Who are you making this budget for?
Who are you making this budget for?
Again, a budget is not going to work as long as you are impulse buying, so if you haven’t already, please read Part 1: Stop Impulse Buying.
Now, is this budget for you, or you and your spouse? Are you in this together, or separately? If it is just you, then great! If it is you and someone else, you need to decide if you are putting all of your money together or are dividing up the expenses. We first decided that we were going to divide up our expenses, but we soon decided that we would pool all our resources and then divide up the tasks.
It took a few years for my wife and I to trust each other enough to have joint bank accounts. Initially she had her expenses, I had mine, and then she gave me half of the shared expenses. While this may work, this is not a model I would recommend, as someone always feels like they are paying too much and not getting enough of something. Also, it doesn’t build trust, and a marriage needs trust. Consider this one of those “you fall backwards and I will catch you” kind of trust building exercises. You need to work together to build a budget. That being said, I collected all the bills, debit slips, bank statements, and I added everything up and figured out how much we were spending on what, and made a preliminary budget to show my wife.
My wife was of course upset that she wasn’t part of the process, but I said that she could look over my shoulder while I was doing it, or she could look at this draft and give me feedback and I will go work on it again (she could look over my shoulder again if she wants 😉 ), that’s just the way I work. So, she did ask questions, I answered, she gave me feedback, and I went back and reworked the budget a bit, and this happened several times.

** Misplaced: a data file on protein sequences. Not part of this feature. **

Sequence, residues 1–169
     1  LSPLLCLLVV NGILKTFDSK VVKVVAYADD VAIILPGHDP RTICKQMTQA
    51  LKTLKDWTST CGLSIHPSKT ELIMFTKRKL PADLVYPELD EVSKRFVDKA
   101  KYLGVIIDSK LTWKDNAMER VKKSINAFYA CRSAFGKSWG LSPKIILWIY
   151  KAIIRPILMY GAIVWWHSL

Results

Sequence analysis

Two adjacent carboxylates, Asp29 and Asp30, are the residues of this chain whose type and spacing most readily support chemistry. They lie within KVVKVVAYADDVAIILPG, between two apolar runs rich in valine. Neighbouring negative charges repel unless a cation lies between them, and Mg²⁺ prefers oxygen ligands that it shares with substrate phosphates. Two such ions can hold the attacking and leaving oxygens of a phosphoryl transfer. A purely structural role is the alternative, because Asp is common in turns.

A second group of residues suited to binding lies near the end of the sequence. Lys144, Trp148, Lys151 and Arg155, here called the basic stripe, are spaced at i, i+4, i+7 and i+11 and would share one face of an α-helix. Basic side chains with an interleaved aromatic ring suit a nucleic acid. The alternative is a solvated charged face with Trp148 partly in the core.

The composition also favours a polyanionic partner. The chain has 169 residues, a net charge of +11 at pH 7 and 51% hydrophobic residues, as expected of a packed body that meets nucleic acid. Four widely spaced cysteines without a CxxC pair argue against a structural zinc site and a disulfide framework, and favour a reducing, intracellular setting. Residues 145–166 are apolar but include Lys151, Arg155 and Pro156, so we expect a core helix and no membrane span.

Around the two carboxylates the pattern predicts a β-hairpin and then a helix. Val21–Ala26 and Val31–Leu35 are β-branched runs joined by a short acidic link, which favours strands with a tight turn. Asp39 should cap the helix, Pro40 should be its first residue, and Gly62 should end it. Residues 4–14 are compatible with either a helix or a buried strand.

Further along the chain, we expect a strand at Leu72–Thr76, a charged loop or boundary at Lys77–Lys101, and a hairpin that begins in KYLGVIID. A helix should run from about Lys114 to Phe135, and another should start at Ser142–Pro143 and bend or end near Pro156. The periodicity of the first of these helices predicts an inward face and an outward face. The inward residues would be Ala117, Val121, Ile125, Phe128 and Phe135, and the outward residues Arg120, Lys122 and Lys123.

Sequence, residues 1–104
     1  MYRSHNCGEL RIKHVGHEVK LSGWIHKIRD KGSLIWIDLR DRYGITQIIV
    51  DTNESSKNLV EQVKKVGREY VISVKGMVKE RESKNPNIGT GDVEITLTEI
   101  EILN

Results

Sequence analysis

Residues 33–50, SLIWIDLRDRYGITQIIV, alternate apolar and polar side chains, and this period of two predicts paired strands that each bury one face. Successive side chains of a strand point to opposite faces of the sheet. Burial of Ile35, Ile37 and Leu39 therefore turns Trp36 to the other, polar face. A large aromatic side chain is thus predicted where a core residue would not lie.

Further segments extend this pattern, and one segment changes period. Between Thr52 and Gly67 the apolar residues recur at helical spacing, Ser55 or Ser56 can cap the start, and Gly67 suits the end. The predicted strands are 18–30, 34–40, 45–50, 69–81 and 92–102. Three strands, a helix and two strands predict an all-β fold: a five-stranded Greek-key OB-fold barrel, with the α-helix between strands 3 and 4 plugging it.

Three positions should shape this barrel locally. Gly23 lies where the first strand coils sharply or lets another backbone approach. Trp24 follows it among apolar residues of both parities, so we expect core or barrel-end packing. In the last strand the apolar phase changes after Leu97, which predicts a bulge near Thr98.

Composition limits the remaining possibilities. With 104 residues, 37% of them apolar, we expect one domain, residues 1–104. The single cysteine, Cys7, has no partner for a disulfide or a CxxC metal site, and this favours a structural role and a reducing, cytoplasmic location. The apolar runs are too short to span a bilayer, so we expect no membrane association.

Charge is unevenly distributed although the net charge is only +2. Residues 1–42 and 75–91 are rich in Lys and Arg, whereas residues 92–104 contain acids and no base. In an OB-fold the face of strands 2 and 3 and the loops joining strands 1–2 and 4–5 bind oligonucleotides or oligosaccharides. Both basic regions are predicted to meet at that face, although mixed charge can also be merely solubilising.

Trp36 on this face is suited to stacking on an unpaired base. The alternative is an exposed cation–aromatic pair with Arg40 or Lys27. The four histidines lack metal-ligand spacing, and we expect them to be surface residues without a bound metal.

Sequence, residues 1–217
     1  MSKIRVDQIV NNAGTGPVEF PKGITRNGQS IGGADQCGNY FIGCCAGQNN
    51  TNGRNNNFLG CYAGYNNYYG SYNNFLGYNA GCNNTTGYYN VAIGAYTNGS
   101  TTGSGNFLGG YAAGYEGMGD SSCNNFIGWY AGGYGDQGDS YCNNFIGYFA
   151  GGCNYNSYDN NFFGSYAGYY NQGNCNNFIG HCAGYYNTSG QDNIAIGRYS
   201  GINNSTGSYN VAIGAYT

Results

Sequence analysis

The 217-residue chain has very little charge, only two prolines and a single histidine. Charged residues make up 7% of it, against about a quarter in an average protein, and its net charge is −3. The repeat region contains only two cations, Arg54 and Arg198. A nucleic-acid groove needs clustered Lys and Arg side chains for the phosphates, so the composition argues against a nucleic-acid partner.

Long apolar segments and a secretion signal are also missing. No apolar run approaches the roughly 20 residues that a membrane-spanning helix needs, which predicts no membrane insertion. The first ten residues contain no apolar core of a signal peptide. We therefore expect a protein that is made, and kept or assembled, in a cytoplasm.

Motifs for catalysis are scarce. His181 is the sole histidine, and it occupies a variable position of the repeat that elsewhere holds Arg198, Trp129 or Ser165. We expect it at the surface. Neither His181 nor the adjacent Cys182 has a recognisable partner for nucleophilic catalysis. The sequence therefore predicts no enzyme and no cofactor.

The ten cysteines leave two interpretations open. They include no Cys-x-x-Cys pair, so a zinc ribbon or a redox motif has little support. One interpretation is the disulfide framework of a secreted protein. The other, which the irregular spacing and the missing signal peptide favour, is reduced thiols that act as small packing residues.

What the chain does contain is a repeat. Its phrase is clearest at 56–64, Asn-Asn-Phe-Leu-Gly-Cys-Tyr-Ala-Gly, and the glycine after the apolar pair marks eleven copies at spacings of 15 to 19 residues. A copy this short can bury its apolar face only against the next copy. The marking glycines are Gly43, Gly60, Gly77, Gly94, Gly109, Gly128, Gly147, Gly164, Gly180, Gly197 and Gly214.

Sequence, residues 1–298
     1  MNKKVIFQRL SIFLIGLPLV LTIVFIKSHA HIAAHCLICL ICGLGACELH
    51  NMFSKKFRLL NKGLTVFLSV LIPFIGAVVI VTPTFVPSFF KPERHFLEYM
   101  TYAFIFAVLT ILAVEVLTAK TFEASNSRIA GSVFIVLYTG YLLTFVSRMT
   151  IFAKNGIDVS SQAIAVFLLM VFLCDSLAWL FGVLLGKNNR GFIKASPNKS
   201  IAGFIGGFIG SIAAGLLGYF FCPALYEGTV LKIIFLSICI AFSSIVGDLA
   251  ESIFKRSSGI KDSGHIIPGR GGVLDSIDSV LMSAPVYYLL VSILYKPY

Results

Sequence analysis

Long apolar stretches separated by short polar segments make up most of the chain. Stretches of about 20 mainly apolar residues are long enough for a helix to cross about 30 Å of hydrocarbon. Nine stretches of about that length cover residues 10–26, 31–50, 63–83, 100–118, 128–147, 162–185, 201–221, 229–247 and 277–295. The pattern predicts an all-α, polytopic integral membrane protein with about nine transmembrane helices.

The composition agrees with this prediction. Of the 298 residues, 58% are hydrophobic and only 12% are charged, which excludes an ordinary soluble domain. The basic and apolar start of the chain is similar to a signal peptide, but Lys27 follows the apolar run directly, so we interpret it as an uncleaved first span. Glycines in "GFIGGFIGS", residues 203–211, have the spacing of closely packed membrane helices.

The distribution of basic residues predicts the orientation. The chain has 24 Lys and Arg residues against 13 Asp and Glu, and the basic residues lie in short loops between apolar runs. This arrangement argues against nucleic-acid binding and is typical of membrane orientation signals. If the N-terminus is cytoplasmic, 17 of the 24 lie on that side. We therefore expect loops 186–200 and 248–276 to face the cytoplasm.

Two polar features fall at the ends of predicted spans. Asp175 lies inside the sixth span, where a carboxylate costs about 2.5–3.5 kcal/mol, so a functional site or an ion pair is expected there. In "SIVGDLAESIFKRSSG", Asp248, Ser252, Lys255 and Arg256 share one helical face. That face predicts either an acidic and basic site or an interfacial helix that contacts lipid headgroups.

I say all of this because I want you to realize that making a budget when you are used to spending freely, is a hard thing particularly when you are doing it for more than one person. At least we don’t have kids to budget for, but we do have pets…. And you have to keep in mind that each person has different priorities, and you have to take that into account.
I made sure that my wife had a clothing budget. It wasn’t much, I think it was $10 per month so she could save up to buy a seasonal outfit, but it was much bigger than my $1 per month.
Stop laughing!!! We were very broke, and were overspending about $500 a month. We had to cut back somewhere!!! As it turned out, my wife made the decision on her own to put her clothing money into what became the general household / grocery account. While I did break my budget down into every conceivable expense, what we ended up doing was consolidating a lot of them into the basic categories.
+ My Wife’s Income
= Total Income
Car payments & insurance 8%
Electricity, Cable TV, Telephone, & Internet 14%
Auto Fuel 5%
My wife’s budget for food, personal care, gifts, etc. 24%
That totals 71%. So where does the other 29% go? To paying off debt. That’s right, we have almost (not quite 1/3) of our net income just paying the minimums on our credit cards, etc. My budget is nonexistent. Basically anything on my paycheque above what is automatically withdrawn from my account on payday, is mine. It’s not much, and I try not to spend it. The day before my next payday I put what is left into paying off bills.
So you might notice that I didn’t follow a lot of my recommendations in Part 2, but that is because everyone is different and every situation is different. With 1/3 of our income going to debt, that throws out almost any chance of what most people would call a normal living.